Skip to main content

New Drug Approvals 2011 - Pt. XVIII Ezogabine (PotigaTM)

ATC code: N03AX21

On June 10th, FDA approved ezogabine (trade name Potiga, NDA 022345) to treat seizures associated with epilepsy in adults. However, before being launched, Potiga waits categorised by the Drug Enforcement Agency (for  review under the Controlled Substances Act) before formal marketing can proceed.

Epilepsy is a chronic neurological disorder involving a variety of symptoms caused by abnormal electrical activity in the brain. Episodic bouts ('seizures') can potentially be controlled by medication - however, for around 1 in 3 patients, this can not achieved satisfactorily with current medication. Ezogabine (ChEMBLID:41355) represents a novel approach, being the first anticonvulsant to specifically target neuronal potassium channels

The molecular targets of ezogabine are KCNQ/Kv7 potassium channels; by stabilizing their open conformation, the drug reduces their excitability. It shares its mode of action with the structurally very similar non-opioid analgesic Flupiritine (ChEMBLID:255044). There are numerous other anticonvulsant drugs approved, such as Carbamazepine (ChEMBLID:108), or Lamotrigine (ChEMBLID:741), two sodium channel blockers. 

Its name stem, -gab-, designates it a GABA mimetic (γ-Aminobutyric acid, ChEMBL ID 96, the predominant inhibitory neurotransmitter in the mammalian central nervous system). For a substance to be GABAergic, there is no need to directly compete with GABA, or to bind to the GABA receptor. However, there is evidence that ezogabine directly interacts with the GABAA receptor, acting as an allosteric agonist, synergetically increasing GABA binding, thereby excerting a sedative effect additionally to its primary target, KCNQ.

The main molecular target of ezogabine are the human KCNQ2 and -3 potassium channels (UniProt O43526 and O43525, respectively) - according to a patch clamp assay, it has 1.3 uM affinity for the murine KCNQ2 ortholog (see also ref). There are no experimental structures available for members of the KCNQ protein family, although there are X-Ray structures for other potassium channels.

Ezogabine (canonical smiles CCOC(=O)Nc1ccc(NCc2ccc(F)cc2)cc1N , standard InChI InChI=1S/C16H18FN3O2/c1-2-22-16(21)20-15-8-7-13(9-14(15)18)19-10-11-3-5-12(17)6-4-11/h3-9,19H,2,10,18H2,1H3,(H,20,21)) has 6 rotatable bonds, a molecular weight of 303.3 Da, 3 hydrogen bond donors, 2 hydrogen bond acceptors, and is thus fully Rule-of-Five compliant.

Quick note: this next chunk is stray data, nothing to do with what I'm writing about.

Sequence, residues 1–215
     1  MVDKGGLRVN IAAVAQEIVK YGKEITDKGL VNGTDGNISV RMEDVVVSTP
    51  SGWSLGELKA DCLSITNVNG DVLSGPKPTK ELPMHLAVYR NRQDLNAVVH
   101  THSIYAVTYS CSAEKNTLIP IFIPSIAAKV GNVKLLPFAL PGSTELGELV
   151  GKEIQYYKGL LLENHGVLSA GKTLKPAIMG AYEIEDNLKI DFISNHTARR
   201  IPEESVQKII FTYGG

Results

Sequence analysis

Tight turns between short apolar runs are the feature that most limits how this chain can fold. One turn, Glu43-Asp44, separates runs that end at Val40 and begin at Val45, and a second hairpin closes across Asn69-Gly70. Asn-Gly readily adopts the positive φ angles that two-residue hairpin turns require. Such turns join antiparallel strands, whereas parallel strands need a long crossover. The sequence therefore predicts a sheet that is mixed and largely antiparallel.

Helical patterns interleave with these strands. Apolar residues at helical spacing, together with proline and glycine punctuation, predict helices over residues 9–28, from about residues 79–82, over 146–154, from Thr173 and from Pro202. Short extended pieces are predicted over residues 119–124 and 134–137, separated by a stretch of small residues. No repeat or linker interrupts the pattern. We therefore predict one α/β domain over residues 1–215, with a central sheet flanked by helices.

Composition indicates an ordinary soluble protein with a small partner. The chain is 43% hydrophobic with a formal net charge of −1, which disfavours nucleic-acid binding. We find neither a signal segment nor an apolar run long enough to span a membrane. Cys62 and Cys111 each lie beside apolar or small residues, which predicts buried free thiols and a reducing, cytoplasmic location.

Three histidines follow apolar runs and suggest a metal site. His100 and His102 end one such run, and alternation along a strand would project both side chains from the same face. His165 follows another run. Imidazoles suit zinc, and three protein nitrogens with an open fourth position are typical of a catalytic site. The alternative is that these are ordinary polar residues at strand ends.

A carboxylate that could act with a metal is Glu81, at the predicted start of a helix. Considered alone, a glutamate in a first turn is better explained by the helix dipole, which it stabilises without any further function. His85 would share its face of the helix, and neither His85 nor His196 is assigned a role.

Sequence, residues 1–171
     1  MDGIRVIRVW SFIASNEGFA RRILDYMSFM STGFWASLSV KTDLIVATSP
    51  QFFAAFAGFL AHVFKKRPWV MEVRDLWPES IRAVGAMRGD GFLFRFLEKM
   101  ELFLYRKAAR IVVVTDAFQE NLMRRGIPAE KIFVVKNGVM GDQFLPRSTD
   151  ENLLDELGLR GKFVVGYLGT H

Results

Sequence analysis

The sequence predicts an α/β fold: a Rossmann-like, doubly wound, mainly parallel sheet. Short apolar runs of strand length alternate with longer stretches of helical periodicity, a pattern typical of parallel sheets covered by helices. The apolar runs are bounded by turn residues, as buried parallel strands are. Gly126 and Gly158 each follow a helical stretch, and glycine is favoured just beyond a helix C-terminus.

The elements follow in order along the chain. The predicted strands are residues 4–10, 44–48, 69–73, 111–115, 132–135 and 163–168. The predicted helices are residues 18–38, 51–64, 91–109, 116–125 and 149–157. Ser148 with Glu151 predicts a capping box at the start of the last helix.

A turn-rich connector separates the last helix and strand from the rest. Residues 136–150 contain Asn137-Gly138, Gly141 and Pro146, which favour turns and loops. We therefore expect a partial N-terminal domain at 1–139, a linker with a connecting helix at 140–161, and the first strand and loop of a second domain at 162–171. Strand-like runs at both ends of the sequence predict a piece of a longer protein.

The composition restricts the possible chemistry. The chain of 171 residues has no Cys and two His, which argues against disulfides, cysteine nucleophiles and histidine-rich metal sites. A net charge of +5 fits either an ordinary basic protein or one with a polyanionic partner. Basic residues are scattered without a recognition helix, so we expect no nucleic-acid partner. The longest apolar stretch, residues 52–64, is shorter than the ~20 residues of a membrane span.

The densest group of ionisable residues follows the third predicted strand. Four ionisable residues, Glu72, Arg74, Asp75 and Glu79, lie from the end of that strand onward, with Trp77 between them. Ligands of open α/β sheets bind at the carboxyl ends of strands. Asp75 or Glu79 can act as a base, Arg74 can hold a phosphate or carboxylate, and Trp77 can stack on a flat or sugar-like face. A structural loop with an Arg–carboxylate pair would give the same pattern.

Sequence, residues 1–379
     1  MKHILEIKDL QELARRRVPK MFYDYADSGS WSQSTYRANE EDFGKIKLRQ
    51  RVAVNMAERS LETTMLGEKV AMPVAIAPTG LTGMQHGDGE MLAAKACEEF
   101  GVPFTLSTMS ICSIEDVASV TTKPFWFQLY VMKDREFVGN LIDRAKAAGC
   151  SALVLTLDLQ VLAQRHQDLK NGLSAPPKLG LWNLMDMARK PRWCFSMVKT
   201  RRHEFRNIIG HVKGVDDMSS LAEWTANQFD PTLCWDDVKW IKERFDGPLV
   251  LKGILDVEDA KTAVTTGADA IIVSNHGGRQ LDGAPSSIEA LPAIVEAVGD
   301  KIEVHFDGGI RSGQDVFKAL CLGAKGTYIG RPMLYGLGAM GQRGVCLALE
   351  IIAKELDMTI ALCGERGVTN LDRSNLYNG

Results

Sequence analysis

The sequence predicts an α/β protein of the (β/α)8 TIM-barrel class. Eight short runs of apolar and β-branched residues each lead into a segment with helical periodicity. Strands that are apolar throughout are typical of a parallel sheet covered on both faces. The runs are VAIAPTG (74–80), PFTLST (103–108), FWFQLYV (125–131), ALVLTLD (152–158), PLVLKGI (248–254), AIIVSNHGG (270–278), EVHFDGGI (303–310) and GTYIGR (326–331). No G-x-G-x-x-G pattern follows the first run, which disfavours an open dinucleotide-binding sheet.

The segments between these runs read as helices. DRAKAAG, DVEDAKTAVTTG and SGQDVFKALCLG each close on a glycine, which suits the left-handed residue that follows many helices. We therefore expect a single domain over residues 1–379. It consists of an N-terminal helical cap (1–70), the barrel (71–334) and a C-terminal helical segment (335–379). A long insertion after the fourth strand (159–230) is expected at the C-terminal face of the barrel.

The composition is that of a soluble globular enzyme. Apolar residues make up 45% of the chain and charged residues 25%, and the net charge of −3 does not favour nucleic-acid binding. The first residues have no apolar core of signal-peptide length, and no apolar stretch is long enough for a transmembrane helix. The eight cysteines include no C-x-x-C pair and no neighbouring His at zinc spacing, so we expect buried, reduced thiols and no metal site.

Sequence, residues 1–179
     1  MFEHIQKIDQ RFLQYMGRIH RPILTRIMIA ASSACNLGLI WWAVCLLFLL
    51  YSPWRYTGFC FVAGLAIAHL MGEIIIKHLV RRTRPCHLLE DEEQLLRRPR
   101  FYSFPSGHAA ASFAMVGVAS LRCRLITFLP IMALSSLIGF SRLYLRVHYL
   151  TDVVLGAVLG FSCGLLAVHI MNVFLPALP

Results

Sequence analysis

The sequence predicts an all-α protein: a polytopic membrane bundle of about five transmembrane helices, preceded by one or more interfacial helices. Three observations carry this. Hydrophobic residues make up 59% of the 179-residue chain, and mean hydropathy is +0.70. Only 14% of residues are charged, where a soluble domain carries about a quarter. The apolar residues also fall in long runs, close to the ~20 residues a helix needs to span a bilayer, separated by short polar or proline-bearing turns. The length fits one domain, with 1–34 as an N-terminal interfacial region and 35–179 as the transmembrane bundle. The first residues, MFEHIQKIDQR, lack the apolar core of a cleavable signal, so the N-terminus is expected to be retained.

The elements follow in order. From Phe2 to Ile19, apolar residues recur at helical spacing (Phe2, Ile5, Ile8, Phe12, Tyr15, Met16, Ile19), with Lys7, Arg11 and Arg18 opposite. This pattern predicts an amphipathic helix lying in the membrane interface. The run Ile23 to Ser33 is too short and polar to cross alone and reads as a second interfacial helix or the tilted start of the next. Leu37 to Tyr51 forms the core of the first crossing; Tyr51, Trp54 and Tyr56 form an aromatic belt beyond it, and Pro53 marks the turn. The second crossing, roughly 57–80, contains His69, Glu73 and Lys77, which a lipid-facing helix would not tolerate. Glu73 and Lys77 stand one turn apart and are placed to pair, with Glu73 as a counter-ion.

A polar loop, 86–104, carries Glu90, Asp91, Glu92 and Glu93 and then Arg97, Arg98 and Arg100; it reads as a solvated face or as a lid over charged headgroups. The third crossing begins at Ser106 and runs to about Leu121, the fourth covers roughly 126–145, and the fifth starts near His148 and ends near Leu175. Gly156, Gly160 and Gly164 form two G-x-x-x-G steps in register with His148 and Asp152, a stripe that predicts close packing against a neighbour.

Ezogabin has moderately high bioavailability (50-60%), a high volume of distribution (6.2 L/kg) and a terminal half-life of 8 to 11 hours. Potiga tablets are administered three times daily. Ezogabine has a number of potentially severe adverse effects, such as urinary retention, and psychiatric symptoms such as new or intensification of depression, anxiety, psychosis, and in rare cases suicidal thoughts. 

Potiga has been developed by Valeant and will be marketed by GSK.

Full prescribing information will become available at launch of the drug.


Popular posts from this blog

A python client for accessing ChEMBL web services

Motivation The CheMBL Web Services provide simple reliable programmatic access to the data stored in ChEMBL database. RESTful API approaches are quite easy to master in most languages but still require writing a few lines of code. Additionally, it can be a challenging task to write a nontrivial application using REST without any examples. These factors were the motivation for us to write a small client library for accessing web services from Python. Why Python? We choose this language because Python has become extremely popular (and still growing in use) in scientific applications; there are several Open Source chemical toolkits available in this language, and so the wealth of ChEMBL resources and functionality of those toolkits can be easily combined. Moreover, Python is a very web-friendly language and we wanted to show how easy complex resource acquisition can be expressed in Python. Reinventing the wheel? There are already some libraries providing access to ChEMBL d